Internet Ethics

I was having a conversation with Tony Sumrall about the ethics of publishing a feed of comic strips. Since the syndicates themselves have decided against sending comics by email (at least decided against doing it for free), do we have the right to grab the image URL from their pages and create a feed of those URLs? Let’s look and see.

From the terms of use: For purposes of this Agreement, the use of any UM Materials on any other web site or networked computer environment is prohibited.

The terms aren’t terribly clear. I think the big question for them is: Is a URL considered material, or is it the image itself that is the material? If the answer is no, then this is clearly not a violation. If Google indexes their site and has a link to an image, is that a violation? If not, then I don’t see how this could be. You might argue that Google doesn’t actually display the image, while an aggregator does. To that I say: Have you ever tried the Google Viewer? Try it – Google displays the comic right there on their page.

From the terms of use: Displaying, storing, copying, or otherwise making available any content from the Site on another website without the prior written permission of uclick is expressly prohibited.

I think the terms of use is very clear – simply making available any content from their site on another web site is a violation of their terms of use. The larger question, I’d suppose, is: What is a web site? You have to use the feed in an aggregator of some sort in order to access the content, but it may not be a web site itself. Is a web site considered any use of HTTP? Or is it required to use HTML? What if you view your feed in a service such as Bloglines, which to you is a web site (both HTTP and HTML) – albeit one that you created by subscribing to the feed?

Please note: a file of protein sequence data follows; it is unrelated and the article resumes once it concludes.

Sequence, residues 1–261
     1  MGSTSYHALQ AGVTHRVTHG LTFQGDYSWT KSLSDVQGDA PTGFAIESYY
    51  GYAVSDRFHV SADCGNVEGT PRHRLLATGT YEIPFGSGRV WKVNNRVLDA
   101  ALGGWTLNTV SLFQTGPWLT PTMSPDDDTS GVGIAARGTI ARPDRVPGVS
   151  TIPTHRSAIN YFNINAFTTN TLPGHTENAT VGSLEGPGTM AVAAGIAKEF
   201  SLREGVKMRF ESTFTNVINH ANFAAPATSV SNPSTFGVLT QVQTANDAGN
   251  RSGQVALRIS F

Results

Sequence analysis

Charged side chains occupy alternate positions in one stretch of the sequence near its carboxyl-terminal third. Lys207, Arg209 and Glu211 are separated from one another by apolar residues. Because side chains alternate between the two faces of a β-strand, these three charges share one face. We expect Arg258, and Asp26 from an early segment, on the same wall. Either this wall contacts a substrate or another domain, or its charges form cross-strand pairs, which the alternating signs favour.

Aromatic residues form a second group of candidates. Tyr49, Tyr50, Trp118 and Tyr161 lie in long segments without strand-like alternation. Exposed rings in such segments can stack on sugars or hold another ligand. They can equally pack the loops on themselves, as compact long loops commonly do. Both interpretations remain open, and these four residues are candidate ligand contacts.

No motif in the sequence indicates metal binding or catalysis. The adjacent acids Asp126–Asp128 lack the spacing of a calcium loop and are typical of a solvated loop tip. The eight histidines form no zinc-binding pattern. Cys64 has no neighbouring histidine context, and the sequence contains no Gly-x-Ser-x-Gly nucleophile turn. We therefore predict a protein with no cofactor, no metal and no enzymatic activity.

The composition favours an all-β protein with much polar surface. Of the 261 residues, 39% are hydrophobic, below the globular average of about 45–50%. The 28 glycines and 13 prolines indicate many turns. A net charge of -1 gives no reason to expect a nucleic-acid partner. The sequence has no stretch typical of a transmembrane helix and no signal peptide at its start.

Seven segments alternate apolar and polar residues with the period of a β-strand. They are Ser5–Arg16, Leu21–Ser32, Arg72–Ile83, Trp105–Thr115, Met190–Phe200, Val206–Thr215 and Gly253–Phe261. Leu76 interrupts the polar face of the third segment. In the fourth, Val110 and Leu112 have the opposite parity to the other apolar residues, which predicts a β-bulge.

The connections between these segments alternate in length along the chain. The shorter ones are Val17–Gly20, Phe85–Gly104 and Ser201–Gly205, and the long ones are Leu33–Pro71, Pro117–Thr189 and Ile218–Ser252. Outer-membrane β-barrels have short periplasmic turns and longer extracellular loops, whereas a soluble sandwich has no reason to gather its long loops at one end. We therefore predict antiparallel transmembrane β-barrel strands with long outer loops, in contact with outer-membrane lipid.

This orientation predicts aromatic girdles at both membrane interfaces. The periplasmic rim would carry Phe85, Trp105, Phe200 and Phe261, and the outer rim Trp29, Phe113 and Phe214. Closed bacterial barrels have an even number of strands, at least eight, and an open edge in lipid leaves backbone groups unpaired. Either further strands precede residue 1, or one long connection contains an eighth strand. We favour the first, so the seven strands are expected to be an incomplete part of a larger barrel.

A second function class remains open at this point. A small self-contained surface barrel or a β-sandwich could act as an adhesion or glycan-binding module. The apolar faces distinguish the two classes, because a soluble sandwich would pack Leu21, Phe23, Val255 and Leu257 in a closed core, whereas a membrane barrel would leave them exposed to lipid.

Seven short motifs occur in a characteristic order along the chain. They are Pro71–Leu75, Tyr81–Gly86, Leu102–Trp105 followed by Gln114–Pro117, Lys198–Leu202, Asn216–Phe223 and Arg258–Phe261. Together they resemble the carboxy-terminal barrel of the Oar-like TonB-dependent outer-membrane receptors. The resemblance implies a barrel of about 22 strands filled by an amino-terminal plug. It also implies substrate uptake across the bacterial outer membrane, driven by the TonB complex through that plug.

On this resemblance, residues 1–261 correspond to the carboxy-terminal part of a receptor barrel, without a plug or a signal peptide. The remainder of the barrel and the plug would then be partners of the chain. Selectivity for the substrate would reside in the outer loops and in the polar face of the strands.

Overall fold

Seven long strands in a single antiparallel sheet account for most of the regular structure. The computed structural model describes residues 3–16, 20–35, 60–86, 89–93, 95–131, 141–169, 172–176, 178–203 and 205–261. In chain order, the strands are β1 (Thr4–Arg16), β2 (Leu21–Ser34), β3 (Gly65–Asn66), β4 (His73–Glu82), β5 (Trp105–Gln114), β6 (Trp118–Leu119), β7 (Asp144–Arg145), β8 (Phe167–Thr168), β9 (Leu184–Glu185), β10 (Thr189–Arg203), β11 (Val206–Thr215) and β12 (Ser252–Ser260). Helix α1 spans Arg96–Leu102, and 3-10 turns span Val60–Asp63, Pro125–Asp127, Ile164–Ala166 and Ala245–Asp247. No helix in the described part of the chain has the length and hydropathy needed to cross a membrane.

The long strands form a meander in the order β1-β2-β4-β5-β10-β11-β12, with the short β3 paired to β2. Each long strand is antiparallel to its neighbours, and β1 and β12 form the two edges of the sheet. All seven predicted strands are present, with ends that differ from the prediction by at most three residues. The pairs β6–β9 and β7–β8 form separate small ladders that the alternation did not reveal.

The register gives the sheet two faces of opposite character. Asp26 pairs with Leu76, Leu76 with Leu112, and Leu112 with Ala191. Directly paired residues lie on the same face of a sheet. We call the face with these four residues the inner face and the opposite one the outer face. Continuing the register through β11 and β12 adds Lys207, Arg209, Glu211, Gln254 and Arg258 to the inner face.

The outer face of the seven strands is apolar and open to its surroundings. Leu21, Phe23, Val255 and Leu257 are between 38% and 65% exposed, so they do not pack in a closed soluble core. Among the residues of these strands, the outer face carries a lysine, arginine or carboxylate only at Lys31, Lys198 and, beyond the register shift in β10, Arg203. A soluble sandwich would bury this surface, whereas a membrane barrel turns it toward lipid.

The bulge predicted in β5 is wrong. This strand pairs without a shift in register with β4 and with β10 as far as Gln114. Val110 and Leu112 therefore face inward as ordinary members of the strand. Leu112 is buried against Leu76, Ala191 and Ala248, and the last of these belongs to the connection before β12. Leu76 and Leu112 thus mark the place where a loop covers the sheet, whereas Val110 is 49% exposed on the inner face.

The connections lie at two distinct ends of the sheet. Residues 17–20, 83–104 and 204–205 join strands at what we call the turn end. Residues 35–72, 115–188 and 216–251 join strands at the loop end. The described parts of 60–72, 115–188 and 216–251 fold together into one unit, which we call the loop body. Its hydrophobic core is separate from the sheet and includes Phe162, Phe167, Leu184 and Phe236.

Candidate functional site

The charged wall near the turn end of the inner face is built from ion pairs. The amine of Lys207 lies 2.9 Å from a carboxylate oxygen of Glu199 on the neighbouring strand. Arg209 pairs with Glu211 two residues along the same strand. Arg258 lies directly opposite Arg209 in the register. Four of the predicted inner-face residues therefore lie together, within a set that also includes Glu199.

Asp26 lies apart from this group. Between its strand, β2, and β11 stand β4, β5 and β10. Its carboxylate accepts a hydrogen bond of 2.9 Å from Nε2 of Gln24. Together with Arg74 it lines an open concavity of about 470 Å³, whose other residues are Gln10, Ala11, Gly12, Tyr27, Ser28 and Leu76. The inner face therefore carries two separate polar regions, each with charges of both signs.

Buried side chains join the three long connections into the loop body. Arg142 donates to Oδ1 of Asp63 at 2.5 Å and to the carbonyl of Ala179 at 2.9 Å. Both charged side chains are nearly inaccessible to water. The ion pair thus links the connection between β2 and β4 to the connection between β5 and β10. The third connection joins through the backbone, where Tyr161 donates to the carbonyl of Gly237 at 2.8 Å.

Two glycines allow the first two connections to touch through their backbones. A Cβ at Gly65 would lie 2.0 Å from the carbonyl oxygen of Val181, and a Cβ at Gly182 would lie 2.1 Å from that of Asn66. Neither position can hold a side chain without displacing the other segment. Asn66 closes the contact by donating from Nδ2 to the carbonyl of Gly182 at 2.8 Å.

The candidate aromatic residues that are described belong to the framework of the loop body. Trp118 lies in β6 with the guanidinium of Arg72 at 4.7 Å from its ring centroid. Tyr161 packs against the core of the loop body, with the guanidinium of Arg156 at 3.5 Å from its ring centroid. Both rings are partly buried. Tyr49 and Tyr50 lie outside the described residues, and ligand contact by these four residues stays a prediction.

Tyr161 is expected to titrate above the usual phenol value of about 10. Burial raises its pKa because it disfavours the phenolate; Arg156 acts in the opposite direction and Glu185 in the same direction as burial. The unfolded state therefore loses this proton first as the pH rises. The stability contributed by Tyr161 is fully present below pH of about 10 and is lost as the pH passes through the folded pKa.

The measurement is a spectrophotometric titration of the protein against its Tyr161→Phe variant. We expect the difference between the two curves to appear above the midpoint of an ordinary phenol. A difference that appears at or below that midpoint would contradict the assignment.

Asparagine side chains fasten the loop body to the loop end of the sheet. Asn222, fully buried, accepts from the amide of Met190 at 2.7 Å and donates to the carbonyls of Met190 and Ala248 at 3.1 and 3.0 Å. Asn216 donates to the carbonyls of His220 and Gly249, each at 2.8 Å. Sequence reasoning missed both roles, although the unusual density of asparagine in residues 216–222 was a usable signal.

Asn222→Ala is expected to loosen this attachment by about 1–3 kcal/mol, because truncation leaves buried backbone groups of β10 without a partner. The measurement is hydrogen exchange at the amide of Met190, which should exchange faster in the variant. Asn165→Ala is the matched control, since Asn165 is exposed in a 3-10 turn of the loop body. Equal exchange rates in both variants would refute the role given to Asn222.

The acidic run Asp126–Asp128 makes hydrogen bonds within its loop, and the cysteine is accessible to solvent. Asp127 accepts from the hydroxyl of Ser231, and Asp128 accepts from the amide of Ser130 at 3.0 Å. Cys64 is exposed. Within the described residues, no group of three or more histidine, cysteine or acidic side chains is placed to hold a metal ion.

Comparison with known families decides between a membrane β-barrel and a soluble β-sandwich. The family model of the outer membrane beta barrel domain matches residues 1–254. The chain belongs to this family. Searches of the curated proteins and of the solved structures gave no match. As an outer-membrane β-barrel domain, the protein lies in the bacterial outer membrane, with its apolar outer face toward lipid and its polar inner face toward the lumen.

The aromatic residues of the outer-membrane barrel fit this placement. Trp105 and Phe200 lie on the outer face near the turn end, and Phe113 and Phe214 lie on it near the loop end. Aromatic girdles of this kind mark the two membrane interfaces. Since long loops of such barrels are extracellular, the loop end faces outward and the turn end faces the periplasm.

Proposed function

The Google Viewer argument? Doesn’t hold water here. If you search on fifth wave, you’ll get some results. The first of which is the page for The Fifth Wave. However, this page doesn’t display in the viewer. I can only assume that and Google have worked some sort of arrangement.

These are difficult questions. I don’t know the answer to them. I think that if it came to a court, you may see the syndicates win their case, as distinctions such as those made here may not be quite so distinct in a court of law that doesn’t understand the intricacies of technology. Remember that Because Google Does It is probably not a valid defense. Finally, make sure you know that I am not a lawyer, and this is only my interpretation. Your own mileage may vary.

One Reply to “Internet Ethics”

  1. Bottom Line: The digital image is intellectual property and there for is covered by copyright laws as well as The Digital Millennium Copyright Act of 1998. The intent of the copyright notice is clear and that is what will matter if the issue goes before a judge.

    The owners of that image can regulate that image anyway they want. If someone was to create a RSS Feed using content they did not own that could be subject to legal action. If the content owners could show how they lost money due to the unauthorized feed then the person who published the feed could be made to repay the lost revenue.

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